A new whitepaper has revealed a potentially dangerous security flaw in a 5G network’s slicing design.
Written in a research post by Dublin-based AdaptiveMobile Security, the vulnerability in the architecture of 5G Network Slicing and virtualised network functions could leave customers “exposed to malicious cyberattacks”.
According to the whitepaper, the issue has the potential to “cause significant security risks to enterprises using network slicing and undermine operators’ attempts to open up new 5G revenues”.
Even though the probability of an attack is currently low, AdaptiveMobile says this is only due to the “limited number of mobile operators with multiple live network slices on their networks”.
AdaptiveMobile’s research revealed that networks that use ‘hybrid’ network functions, both shared and dedicated and supporting several slices, have a lack of “mapping” between the application and transport layers identities.
The flaw could potentially allow an attacker to access data and launch denial of service (DDoS) attacks across multiple slices if they have access to the 5G Service Based Architecture, exposing an operator and their customers to the risk of losing sensitive location data.
Commenting on the flaw, Dr Silke Holtmanns, Head of 5G Security Research at AdaptiveMobile Security, said: “5G is driving the mobile industry into adopting the technology and techniques of the IT world to increase efficiency and improve functionality.
“However, while laudable, there needs to be a wider mindset change. When it comes to securing 5G, the telecoms industry needs to embrace a holistic and collaborative approach to secure networks across standards bodies, working groups, operators and vendors.”
AdaptiveMobiil says that it has shared the research with the global mobile industry’s trade body the GSMA, operators and standards bodies to address the issue.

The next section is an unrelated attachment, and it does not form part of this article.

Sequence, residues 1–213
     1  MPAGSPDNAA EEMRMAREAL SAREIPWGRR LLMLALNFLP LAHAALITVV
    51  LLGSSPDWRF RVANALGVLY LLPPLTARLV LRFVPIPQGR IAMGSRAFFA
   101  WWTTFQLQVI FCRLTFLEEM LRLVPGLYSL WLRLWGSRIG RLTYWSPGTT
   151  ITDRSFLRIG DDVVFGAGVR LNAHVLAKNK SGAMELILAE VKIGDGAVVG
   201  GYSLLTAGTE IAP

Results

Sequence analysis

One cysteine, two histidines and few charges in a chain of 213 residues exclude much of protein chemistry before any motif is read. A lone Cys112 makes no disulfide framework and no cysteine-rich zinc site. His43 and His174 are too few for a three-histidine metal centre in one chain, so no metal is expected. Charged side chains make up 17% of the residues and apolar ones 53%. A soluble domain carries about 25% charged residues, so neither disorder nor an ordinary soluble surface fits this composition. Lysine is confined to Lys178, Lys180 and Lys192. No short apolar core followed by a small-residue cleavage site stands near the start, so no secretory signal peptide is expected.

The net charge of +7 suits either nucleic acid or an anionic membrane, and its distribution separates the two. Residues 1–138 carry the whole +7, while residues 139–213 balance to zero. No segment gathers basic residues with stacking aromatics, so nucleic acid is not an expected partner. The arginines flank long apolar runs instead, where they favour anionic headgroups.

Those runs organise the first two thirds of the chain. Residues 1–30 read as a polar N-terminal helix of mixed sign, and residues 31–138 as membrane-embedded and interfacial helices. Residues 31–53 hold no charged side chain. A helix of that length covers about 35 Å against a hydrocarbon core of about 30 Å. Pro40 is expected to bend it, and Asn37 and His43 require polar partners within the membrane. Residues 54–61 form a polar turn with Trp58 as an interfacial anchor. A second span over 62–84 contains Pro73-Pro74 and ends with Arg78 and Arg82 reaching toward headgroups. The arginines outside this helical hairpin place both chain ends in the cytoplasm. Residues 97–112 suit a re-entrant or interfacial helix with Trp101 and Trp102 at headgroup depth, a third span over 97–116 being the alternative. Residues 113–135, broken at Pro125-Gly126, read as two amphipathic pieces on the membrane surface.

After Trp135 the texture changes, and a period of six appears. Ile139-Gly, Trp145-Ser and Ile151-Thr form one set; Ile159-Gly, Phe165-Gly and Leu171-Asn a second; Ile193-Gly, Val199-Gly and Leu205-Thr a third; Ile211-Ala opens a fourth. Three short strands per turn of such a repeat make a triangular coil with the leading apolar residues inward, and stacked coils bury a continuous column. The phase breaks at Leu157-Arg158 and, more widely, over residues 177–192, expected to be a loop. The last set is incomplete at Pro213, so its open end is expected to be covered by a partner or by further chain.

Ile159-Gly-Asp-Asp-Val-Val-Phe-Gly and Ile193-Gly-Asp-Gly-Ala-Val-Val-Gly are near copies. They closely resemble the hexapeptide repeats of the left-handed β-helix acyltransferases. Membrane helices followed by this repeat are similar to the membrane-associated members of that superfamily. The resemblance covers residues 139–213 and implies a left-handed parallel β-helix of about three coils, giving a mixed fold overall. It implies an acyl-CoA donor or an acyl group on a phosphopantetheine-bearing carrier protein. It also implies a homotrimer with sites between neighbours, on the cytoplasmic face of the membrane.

Network slicing is set to become a major part of 5G networks and has the potential to generate revenues of more than $20bn for telecoms firms by 2026.
Holtmanns continued: “Currently, the impact on real-world applications of this network slicing attack is only limited by the number of slices live in 5G networks globally.
“The risks, if this fundamental flaw in the design of 5G standards had gone undiscovered, are significant.”
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Commenting on the importance of network slicing and issues surrounding the vulnerability, Iqbal Singh Bedi, founder and consulting director at Intelligens Consulting, said: “Network slicing is important to bandwidth-hungry industrial settings.
Network slicing is being considered, for example, in ‘private network’ environments hosting intelligent and industrial automation use cases where guaranteed bandwidth, low latency and secure reliable connections are required for the likes of autonomous robots, pods or vehicles that may also use video which requires processing in real-time.
“Network slicing is a huge deal for Industry 4.0 and for 5G’s success. While mobile operators have struggled to make the case for standalone densified public 5G small cell networks, manufacturing and industry are widely seen as the ‘killer use case’ for 5G.
“There will be an economic hit if this problem is not rectified. Network slicing and many early Industry 4.0 use cases would simply not be possible holding back the automation of traditional manufacturing and the progress of industry.
“Early users of 5G networks will need to be assured that everything is being done to ensure this issue is resolved and does not halt 5G adoption. To this, it is reassuring to see that the GSMA, operators and standards bodies are addressing the issue to prevent exploitation.”